A $1 trillion public works program—roughly equal to the amount in tax cuts that the Bush administration awarded to the richest 1 percent—could be utilized to build schools, low-cost housing, hospitals, libraries, museums, recreation centers, parks and modern mass transit, as well as to provide vitally needed public services, such as universal day care.
Under conditions in which new technology has reduced the amount of labor required for production, the Socialist Equality Party calls for the work to be shared, so that no worker is forced onto the unemployment line. We demand a reduction in the workweek to 30 hours, while maintaining the full 40 hours pay for every worker.
To protect the living standards of working people in the US from the attempt by the corporations to use competition with low-wage labor in other countries as a club, the SEP calls for a guaranteed annual income for every worker, indexed to inflation.
The cutoff of extended federal unemployment benefits threatens an estimated 2 million jobless workers with the loss of all income by the middle of this year, but Kerry’s plan offers them nothing. The SEP rejects a system that condemns those who have lost their jobs to destitution. We demand that laid-off workers be guaranteed their full regular wages until they are rehired at equal or greater compensation. Similar benefits must be extended to the long-term unemployed, those on welfare, and youth who are unable to obtain a decent-paying job.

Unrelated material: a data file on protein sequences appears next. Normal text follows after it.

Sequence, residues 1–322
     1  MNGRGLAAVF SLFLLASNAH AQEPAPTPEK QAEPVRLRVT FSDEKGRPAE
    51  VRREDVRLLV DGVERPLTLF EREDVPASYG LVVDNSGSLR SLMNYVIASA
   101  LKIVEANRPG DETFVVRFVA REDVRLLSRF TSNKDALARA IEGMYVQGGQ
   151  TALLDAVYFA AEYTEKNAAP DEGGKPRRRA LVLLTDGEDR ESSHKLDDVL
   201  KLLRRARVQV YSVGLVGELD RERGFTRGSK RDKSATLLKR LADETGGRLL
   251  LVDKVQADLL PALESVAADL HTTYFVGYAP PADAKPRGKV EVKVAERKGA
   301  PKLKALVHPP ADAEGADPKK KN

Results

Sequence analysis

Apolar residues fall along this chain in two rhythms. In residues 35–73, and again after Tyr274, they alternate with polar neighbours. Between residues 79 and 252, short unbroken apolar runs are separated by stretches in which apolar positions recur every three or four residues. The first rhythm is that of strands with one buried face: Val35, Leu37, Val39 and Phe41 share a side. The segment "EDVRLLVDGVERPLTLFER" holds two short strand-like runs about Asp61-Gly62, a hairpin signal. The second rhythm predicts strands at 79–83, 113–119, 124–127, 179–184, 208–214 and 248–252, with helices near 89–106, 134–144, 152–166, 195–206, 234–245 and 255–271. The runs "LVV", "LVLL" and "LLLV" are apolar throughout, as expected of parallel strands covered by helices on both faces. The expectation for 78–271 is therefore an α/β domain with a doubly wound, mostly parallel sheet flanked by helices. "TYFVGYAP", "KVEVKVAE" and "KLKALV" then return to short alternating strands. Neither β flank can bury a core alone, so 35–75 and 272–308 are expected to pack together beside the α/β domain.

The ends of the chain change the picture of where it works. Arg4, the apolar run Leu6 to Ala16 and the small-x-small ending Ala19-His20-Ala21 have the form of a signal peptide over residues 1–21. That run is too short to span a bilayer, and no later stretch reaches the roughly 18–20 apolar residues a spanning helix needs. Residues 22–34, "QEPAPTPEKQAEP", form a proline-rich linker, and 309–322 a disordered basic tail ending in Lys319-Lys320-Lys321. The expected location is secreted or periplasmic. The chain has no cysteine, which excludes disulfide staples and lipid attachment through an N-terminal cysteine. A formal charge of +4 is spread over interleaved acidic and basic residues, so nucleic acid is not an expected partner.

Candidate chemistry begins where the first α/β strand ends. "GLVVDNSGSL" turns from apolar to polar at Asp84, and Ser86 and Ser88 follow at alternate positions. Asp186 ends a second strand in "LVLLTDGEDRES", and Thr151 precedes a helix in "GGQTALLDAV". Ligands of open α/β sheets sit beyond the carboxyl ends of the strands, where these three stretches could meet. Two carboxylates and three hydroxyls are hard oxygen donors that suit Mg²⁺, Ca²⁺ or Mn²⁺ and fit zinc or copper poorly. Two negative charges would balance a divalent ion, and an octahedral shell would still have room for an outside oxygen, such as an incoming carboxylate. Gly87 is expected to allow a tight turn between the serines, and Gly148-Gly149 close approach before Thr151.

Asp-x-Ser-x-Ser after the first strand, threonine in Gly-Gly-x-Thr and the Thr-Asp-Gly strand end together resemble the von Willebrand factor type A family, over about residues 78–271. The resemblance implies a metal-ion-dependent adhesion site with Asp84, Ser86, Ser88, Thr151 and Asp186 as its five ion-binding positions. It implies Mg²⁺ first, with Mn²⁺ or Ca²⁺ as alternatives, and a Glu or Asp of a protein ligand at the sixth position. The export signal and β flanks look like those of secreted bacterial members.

The resources for these socially necessary programs are at hand, but for them to be marshaled and put to use in the interests of genuine progress and equality, a fundamental reorganization of economic life is required.
The present tax code must be radically restructured, turning it from a means of enriching the financial elite and big business at the expense of working people into an instrument for a far-reaching redistribution of society’s wealth to those who depend upon their paychecks for a living. Taxes must be reduced for the vast majority of the population, while sharply increased for the rich. Direct taxes on accumulated fortunes—such as the estate tax—must be restored, while loopholes that allow giant corporations to evade taxes on all but a fraction of their profits must be abolished.
To direct society’s resources to the satisfaction of basic human needs—employment and income security, health care, housing, education—our party advocates the nationalization of the country’s large financial institutions and the transformation of privately owned corporations valued at $10 billion or more into publicly owned enterprises, under the democratic control of the working people.
The present economic setup, in which production is subordinated to private profit and the accumulation of personal wealth, must be replaced with a socialist system based on public ownership and democratic control of the economy.
Achieving this program is possible only through the emergence of a powerful and independent mass movement of working people prepared to fight for it.
Kerry’s so-called jobs program is the clearest indication that relying on the victory of the Democrats in November to reverse the attacks on the working class of the past two decades is a political dead-end. The struggle against unemployment, social inequality and war can be successfully waged only through the building of an independent, mass socialist party. I am running as the Socialist Equality Party presidential candidate, and the SEP is running candidates in congressional races, to carry forward this vital task.